Chris Brown: a fandom expert on how racialised loyalty helps the controversial singer retain his fans
American singer Chris Brown’s reputation is as well known as his music. In 2009, he was sentenced to five years’ probation for assaulting his then girlfriend, fellow singer Rihanna, and he has been involved in other controversies over the years involving violence, misogyny and alleged sexual assault.
The UK leg of his arena tour, Under the Influence, starts back up on March 9. These are his first British shows since being denied entry in 2010 due to his criminal record. The tour sold out in minutes, and a recent Evening Standard review described Brown as “arguably cancel culture’s greatest fail to date”.
So how has he managed to weather the rigours of public scrutiny?
Nicknamed “the king of R&B”, Brown was marketed to teens in the early noughties as a triple threat: a heartthrob singer, dancer and actor. The appetite for his tour in 2023 is perhaps also linked to a more general enthusiasm for noughties genre revivals.
This article is part of Quarter Life, a series about issues affecting those of us in our twenties and thirties. From the challenges of beginning a career and taking care of our mental health, to the excitement of starting a family, adopting a pet or just making friends as an adult. The articles in this series explore the questions and bring answers as we navigate this turbulent period of life.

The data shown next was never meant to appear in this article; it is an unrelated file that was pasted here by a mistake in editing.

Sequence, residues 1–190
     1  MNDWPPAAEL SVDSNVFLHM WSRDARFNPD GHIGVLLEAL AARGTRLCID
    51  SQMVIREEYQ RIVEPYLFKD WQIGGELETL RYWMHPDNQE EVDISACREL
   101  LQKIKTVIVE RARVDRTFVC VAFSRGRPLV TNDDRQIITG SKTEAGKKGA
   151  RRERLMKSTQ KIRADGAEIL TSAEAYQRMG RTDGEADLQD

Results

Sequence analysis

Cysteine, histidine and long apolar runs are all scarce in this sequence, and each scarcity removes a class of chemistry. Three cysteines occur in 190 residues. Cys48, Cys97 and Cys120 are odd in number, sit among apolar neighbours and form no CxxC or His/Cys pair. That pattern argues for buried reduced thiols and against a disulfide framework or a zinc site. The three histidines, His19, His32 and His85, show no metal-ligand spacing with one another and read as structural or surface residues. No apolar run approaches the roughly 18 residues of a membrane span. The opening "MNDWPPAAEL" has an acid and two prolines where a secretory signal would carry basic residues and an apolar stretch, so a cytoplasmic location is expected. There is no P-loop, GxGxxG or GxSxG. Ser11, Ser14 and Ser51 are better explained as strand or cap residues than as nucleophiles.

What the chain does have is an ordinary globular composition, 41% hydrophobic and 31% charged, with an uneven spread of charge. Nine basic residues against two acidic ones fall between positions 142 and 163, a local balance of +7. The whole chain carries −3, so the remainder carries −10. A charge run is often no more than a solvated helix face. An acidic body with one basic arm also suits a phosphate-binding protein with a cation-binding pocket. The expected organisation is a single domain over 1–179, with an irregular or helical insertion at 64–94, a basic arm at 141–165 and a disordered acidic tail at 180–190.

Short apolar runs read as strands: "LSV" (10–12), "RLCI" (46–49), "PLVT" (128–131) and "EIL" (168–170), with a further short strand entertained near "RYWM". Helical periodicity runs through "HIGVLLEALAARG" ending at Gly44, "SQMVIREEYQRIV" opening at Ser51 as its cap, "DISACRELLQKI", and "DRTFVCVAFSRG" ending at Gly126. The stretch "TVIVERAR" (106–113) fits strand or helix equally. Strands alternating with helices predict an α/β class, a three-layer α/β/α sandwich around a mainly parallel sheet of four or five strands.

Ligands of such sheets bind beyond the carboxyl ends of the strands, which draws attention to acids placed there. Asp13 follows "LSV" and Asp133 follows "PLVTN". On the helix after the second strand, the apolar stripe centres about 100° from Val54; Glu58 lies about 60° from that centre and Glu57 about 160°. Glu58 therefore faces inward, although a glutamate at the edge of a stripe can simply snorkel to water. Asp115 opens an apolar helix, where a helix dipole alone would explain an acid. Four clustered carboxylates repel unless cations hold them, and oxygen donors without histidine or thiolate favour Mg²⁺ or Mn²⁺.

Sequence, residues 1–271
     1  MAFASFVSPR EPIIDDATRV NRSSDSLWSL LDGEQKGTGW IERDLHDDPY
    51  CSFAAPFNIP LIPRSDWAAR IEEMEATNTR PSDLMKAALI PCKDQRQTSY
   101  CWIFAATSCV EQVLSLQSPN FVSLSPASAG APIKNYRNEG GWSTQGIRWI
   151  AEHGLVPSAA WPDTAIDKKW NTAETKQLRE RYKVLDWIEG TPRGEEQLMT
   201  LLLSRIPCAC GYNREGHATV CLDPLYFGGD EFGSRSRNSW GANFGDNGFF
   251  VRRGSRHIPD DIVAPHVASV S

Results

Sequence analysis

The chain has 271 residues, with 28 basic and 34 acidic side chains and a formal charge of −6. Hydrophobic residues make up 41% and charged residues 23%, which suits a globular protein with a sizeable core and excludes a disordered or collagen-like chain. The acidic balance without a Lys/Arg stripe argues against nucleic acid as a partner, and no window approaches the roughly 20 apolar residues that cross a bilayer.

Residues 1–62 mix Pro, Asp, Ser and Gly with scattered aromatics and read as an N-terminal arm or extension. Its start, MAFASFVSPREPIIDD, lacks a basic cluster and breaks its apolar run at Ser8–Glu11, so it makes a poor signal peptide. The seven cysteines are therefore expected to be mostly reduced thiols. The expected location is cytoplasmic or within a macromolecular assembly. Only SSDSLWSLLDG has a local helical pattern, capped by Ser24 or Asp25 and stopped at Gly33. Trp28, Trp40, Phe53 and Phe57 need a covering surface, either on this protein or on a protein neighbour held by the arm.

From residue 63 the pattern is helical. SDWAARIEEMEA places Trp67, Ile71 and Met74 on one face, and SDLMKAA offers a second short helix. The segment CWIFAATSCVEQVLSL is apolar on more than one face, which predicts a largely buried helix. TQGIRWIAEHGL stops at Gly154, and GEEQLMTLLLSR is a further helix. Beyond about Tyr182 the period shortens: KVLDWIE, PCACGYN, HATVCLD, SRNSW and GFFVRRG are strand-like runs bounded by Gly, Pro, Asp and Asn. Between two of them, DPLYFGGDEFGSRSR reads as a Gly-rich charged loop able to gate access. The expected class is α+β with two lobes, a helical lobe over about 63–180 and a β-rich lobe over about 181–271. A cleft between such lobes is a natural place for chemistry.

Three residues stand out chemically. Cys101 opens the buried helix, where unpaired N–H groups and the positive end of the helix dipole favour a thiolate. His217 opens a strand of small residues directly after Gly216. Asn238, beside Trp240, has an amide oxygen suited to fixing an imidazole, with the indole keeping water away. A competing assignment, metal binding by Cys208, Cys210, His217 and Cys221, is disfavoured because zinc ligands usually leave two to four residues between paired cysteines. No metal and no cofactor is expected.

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Brown’s dancing has also become a source of inspiration in K-Pop, sustaining his global brand visibility. Artists have continued collaborating with him too – see the success of 2020’s No Guidance, a team-up with Drake that spent 23 weeks at the top of US Billboard charts.
And though the Rihanna case was hugely publicised at the time, it occurred before the age of the social media call-out, giving newer fans a sense of separation.
In the court of social media, fans play a huge role in the viability of a transgressive artist’s career. My ongoing PhD research explores the ways fandoms deal with the potential discomfort of supporting artists who have behaved in less-than-admirable ways. Brown was one of my case studies, and I spoke to many fans and ex-fans about how (or if) they had changed their listening habits considering his controversies.